Our update of this historic San Francisco Victorian included a reorganization of the upper floor to create a new master bedroom with a custom dressing vestibule and a light-filled master bath finished in walnut and natural stone.. Down the hall and past the walnut study, the kids’ bath takes advantage of tall ceilings and a well-positioned skylight to pull in soft natural light.
On the main floor, the kitchen was given a new view with updated appliances, cabinetry details, hardware, and new stone countertops with waterfall detailing.
The most interesting part of the project from a construction standpoint took place on the lower level, as we transformed what was once a cramped and low-ceilinged basement into a comfortable, light-filled, and smartly detailed family room and guest suite. The design by architect John Clarke incorporates a bank of floor-to-ceiling casement windows and transoms in the family room that look out into a long, stone-clad light well, allowing views to the garden above, and making the below-ground space feel bright and spacious, and not at all subterranean. The process of supporting the house, demolishing the old foundation, excavating down, and installing the new, deeper foundation was complicated by the zero-clearance property lines, as well as the sandy soil, which required geo-grouting (injection with a cementitious slurry) for stability during demolition and excavation.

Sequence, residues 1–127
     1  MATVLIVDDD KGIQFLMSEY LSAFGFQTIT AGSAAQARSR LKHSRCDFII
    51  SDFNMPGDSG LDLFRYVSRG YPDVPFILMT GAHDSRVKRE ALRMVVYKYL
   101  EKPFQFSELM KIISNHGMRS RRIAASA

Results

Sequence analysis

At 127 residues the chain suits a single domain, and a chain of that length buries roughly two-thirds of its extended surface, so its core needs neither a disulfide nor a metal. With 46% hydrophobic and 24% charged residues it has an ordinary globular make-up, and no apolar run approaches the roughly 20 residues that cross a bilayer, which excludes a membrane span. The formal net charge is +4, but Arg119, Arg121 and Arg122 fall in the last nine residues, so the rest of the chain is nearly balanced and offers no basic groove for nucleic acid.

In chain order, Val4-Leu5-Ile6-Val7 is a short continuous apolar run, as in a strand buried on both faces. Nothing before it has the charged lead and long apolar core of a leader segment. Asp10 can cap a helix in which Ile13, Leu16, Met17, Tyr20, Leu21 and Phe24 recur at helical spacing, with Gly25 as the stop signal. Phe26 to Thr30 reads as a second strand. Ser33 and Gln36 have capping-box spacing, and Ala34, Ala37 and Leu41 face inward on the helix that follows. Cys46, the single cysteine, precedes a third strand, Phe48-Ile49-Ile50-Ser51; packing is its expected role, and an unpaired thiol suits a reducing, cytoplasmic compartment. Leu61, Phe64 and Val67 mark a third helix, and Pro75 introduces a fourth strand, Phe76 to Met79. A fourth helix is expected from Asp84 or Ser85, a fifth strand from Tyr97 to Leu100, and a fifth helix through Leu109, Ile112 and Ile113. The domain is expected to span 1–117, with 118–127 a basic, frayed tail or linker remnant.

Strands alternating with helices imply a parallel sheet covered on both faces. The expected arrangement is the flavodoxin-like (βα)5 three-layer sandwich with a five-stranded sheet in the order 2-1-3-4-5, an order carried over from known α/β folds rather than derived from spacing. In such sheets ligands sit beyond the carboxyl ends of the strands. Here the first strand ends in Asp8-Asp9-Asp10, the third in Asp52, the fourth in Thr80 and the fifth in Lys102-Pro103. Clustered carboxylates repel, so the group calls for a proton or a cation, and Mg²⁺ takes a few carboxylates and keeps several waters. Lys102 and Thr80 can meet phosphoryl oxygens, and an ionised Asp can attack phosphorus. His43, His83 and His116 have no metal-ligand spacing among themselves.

Hydronic radiant heating was installed on all three floors.
Architect: John Clarke
Interior design: Jonathan Rachman Design
Landscape design: Integrated Design Studio